KryoNet has an easy to use mechanism for invoking methods on remote objects (RMI). This has a small amount of overhead versus explicitly sending objects. RMI can hide that methods are being marshaled and executed remotely, but in practice the code using such methods will need to be aware of the network communication to handle errors and methods that block. KryoNet's RMI is not related to the java.rmi package.

RMI is done by first calling registerClasses, creating an ObjectSpace and registering objects with an ID:

    ObjectSpace.registerClasses(endPoint.getKryo());
    ObjectSpace objectSpace = new ObjectSpace();
    objectSpace.register(42, someObject);
    // ...
    objectSpace.addConnection(connection);

Multiple ObjectSpaces can be created for both the client or server side. Once registered, objects can be used on the other side of the registered connections:

    SomeObject someObject = ObjectSpace.getRemoteObject(connection, 42, SomeObject.class);
    SomeResult result = someObject.doSomething();

The getRemoteObject method returns a proxy object that represents the specified class. When a method on the class is called, a message is sent over the connection and on the remote side the method is invoked on the registered object. The method blocks until the return value is sent back over the connection.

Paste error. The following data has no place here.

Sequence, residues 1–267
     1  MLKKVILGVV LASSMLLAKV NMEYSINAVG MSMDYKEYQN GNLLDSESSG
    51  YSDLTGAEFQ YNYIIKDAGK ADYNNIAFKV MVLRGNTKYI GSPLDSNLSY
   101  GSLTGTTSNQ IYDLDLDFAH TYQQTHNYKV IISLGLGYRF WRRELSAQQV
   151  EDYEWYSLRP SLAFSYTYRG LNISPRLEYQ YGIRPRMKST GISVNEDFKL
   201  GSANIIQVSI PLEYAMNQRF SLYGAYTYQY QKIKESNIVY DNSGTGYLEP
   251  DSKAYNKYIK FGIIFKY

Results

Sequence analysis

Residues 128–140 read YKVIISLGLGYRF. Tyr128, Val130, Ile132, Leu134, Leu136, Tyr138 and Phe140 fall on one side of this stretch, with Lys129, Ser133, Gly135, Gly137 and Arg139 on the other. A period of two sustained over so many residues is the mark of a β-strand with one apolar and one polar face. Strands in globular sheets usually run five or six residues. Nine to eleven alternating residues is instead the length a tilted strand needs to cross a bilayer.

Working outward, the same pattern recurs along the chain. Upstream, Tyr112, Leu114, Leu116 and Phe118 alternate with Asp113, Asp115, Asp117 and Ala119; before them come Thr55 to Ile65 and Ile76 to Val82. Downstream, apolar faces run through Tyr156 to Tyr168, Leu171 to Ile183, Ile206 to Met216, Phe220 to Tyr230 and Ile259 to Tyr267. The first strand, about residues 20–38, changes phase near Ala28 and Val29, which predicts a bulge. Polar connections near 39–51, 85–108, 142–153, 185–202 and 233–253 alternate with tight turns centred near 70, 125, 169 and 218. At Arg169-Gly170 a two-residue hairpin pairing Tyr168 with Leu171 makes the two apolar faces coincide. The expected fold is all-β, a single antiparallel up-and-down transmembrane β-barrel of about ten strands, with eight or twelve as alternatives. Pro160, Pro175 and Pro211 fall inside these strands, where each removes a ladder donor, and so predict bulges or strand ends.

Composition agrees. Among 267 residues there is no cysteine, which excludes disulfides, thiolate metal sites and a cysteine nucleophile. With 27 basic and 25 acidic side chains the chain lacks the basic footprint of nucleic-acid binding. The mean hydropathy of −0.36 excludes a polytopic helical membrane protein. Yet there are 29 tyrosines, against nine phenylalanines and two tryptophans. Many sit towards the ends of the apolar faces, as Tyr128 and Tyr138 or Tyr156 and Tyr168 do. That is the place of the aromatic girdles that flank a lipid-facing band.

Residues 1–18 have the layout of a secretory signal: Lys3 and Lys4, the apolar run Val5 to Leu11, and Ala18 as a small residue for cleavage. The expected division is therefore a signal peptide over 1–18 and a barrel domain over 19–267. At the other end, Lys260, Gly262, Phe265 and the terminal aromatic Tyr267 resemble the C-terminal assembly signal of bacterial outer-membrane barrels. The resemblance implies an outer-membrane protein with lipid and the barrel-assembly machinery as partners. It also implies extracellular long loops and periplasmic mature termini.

Exactly how the remote method invocation is performed can be customized by casting the proxy object to a RemoteObject.

    SomeObject someObject = ObjectSpace.getRemoteObject(connection, 42, SomeObject.class);
    ((RemoteObject)someObject).setNonBlocking(true, true);
    someObject.doSomething();

Note that the SomeObject class does not need to implement RemoteObject, this is handled automatically.

The first true passed to setNonBlocking causes remote method invocations to be non-blocking. When doSomething is invoked, it will not block and wait for the return value. Instead the method will just return null.

The second true passed to setNonBlocking indicates that the return value of remote method invocations are to be ignored. This means the server will not waste time or bandwidth sending the result of the remote method invocation.